It’s chaos, people weaving in and out, and I look around, trying to take it all in, a mix of nerves and jet lag making me feel more anxious than I’d anticipated.
I’m mostly surprised by how many boys there are. All kinds of boys. Boys who look about twelve, boys who tower over me as they make their way into the house. There must be five boys for every one girl, and I wonder just how many of us applied to be part of Gregorstoun’s first female class.
The ground floor still looks like someone’s house. There are paintings on the wall, little tables full of bric-a-brac, and soft carpets underfoot.
Ahead of me, a wooden staircase spirals upward, and, swallowing hard, I head toward it, lugging my bag behind me.
There are no elevators—or lifts, I guess they’d call them here—so I definitely get my cardio in hauling everything I own up to the third floor.
It’s a little less chaotic up here, and dimmer. There are fewer windows, and the carpet underfoot feels almost moldy as I creep along it.
But I find Room 327 easy enough, and when I open the door, there’s no one in there.
Standing on the threshold, I face two twin beds, one dresser, and a desk on either side of the door. In fact, if you open the door all the way, it hits one of the desks, and for some reason, I decide to go ahead and claim that side of the room. That might endear me to my roommate, right? Picking the crappy side?
Pulling my suitcase all the way into the room, I sit on the little bed with its scratchy white sheets and green wool blanket.
I’ve done it. I’ve come to Scotland, and I’m here for the next year.
Before the enormity of what I’ve done can fully sink in, I whip out my phone, pulling up FaceTime to call Dad.
He answers almost immediately, and I grin with relief to see him there in the living room.
“You made it!” he enthuses, dark eyes crinkling at the cor-ners, and I nod, spinning my phone around so he can see my room.
“Living it up in the lap of luxury, obviously,” I say, and Anna pops her head in.
“Oh my god, it’s so . . . quaint,” she says, raising her eye-brows, and I wave at her.
“If quaint means a little creepy and small, then yes!”
She frowns slightly, leaning closer to Dad’s phone. “Millie, if this isn’t—” she starts to say, but then the door to my room flies open again, thumping hard against my desk.
“No,” a voice insists. “This is not what was agreed to.”
A girl steps into the room followed by a man in a dark suit, and just for a second, my family and my phone are totally for-gotten.
It’s not cool to stare, I know that, but this is literally the prettiest girl I’ve ever seen in my life.
She’s taller than I am, and her hair is gold. Like. Literally gold, like dark honey. It’s held back from her face with a thin headband, and that face . . .
I realize while looking at her that beauty is more than just the way your face is structured, the weird quirks of DNA and societal norms that make us say, “This nose is the best nose,” or “This is why I like this mouth,” or whatever. This girl has clearly won a genetic lottery, don’t get me wrong, but it’s not just that—it’s that she seems to glow. Her skin is so smooth and luminous I want to stroke her face like some kind of weirdo. I’m not sure she would even know what the word “pore” means. Does she follow one of those intense ten-step skin routines? Has she found magical sheet masks made of pearls?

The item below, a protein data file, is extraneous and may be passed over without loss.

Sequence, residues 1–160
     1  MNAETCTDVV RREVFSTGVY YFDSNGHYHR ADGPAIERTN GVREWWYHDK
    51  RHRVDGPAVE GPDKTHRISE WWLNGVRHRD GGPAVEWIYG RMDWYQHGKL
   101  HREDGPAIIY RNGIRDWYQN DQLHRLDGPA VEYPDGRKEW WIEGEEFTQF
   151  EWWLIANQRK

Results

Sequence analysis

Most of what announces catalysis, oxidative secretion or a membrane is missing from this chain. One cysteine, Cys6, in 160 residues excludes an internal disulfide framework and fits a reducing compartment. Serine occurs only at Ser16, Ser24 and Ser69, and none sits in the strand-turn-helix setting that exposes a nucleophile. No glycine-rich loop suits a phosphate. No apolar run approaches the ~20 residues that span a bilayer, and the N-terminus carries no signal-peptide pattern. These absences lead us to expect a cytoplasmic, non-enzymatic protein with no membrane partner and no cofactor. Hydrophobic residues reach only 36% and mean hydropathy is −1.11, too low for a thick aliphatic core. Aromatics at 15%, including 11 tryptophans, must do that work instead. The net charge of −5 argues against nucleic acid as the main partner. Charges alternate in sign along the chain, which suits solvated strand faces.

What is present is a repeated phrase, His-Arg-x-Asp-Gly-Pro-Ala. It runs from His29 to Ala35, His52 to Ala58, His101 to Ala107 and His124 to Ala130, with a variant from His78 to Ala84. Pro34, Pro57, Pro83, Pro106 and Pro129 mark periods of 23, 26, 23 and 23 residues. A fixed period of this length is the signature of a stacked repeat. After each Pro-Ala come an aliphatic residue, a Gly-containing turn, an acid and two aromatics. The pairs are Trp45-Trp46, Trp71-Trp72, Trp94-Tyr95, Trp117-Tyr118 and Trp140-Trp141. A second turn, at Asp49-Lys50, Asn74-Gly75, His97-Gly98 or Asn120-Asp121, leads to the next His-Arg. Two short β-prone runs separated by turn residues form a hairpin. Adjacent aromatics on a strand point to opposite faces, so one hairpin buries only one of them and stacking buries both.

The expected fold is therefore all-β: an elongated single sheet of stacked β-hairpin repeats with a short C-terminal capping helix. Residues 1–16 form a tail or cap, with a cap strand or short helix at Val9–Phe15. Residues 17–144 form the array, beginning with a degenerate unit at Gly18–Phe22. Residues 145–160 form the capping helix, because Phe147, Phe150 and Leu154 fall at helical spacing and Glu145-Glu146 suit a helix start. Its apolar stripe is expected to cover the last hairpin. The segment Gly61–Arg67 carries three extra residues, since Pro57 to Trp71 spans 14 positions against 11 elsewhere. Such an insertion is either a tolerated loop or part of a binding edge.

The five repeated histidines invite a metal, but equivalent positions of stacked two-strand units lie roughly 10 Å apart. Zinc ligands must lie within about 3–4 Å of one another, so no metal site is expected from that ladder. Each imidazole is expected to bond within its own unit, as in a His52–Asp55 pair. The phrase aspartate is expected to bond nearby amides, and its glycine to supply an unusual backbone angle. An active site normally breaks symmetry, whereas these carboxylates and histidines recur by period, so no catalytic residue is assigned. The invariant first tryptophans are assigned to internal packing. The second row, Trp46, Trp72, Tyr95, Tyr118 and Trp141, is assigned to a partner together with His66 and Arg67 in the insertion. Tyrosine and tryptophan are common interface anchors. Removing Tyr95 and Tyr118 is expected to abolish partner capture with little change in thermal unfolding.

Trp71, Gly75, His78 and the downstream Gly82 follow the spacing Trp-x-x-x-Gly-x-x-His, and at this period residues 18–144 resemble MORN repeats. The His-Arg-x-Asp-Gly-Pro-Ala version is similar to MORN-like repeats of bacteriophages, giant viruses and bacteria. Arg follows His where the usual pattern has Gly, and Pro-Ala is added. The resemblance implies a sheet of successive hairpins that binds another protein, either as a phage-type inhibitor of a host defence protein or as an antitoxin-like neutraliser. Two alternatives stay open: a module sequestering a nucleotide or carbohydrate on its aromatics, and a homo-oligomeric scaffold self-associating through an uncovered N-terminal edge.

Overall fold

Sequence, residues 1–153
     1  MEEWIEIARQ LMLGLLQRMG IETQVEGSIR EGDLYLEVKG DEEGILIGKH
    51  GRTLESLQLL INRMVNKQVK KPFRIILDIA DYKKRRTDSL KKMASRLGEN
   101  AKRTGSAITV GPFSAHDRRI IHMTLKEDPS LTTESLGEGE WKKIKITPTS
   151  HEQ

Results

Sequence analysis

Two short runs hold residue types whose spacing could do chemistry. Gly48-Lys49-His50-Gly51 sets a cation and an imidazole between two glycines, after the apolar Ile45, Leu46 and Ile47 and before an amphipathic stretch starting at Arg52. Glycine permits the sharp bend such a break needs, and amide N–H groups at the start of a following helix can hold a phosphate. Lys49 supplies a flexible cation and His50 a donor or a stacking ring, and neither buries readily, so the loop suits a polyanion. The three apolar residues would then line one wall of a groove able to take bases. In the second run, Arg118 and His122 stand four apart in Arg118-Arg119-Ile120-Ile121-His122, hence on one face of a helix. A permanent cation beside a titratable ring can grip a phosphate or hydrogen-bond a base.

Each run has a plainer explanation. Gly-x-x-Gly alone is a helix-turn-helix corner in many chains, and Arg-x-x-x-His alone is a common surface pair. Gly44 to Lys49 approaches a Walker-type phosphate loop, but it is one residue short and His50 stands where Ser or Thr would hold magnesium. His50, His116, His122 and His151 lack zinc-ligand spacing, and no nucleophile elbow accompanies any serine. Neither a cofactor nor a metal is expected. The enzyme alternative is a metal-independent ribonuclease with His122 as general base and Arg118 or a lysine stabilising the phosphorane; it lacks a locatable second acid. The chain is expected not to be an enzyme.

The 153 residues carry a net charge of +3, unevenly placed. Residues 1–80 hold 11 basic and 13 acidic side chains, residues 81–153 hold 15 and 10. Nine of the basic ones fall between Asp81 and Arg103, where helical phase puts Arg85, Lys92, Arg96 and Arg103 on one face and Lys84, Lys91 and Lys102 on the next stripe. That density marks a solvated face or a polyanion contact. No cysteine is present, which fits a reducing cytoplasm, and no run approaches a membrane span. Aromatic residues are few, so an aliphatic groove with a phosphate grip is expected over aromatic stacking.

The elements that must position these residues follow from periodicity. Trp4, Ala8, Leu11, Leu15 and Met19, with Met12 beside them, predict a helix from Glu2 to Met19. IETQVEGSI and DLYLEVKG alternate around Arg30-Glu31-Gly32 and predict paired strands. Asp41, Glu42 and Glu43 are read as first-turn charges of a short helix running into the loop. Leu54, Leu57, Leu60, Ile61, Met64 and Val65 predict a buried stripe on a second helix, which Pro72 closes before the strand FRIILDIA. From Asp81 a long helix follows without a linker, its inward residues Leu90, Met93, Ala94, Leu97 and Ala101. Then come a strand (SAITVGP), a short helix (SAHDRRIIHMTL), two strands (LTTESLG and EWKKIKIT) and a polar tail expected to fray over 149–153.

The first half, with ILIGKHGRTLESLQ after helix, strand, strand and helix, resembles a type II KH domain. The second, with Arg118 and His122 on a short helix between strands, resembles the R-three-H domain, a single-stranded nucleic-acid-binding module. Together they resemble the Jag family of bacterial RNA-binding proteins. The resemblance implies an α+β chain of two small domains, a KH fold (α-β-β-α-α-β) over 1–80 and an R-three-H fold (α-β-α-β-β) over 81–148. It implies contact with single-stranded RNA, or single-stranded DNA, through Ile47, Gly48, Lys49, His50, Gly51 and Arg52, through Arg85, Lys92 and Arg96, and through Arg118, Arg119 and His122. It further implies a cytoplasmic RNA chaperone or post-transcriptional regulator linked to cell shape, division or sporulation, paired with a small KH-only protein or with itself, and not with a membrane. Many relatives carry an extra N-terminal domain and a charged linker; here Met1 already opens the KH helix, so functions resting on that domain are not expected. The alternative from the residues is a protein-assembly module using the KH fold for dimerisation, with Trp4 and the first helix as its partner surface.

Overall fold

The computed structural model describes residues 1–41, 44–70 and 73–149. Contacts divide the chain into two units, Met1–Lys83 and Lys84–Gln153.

Maybe this is just what being rich does to your face. Because there’s no doubt this girl is also very, very rich. Her clothes are simple—a sweater and jeans tucked into high leather boots—but they practically smell like money. She smells like money.
Also, only rich people can curl their lips the way she’s currently doing at the guy in the suit who followed her in. Her dad? He looks a little young, plus it’s hard to imagine that a guy with heavy jowls and pockmarked skin could possibly be related to this actual angel of a girl, standing there with a Louis Vuitton bag in the crook of her elbow.
“Your mother—” the man starts, and she throws up her hands.
“Call her, then.”
“Pardon?” the man asks, his heavy brow wrinkling.
“Call my mother,” she repeats, her voice carrying just the softest Scottish burr. Her chin is lifted, and I can actually feel tension vibrating off her.
“We were told—” the man says on a sigh, but she’s not giving in.
“Call my mother.”
On my phone, Dad scowls. “Everything okay?” he asks, and I glance back at my new roommate, still imperiously repeating, “Call my mother,” every time the man tries to speak. And now I realize he’s pulled his phone out, I assume to call her mother, and she’s still saying it, over and over again, like a toddler.
“Call my mother. Call my mother. Call. My. Mother.” Maybe it’s jet lag. Maybe it’s the weird, weightless feeling in my stomach that started the moment I walked into the school and just what a massive change I’d made fully sunk in.
But I turn to look over at her, and before I can think better of it, I hear myself say, “Hey. Veruca Salt.”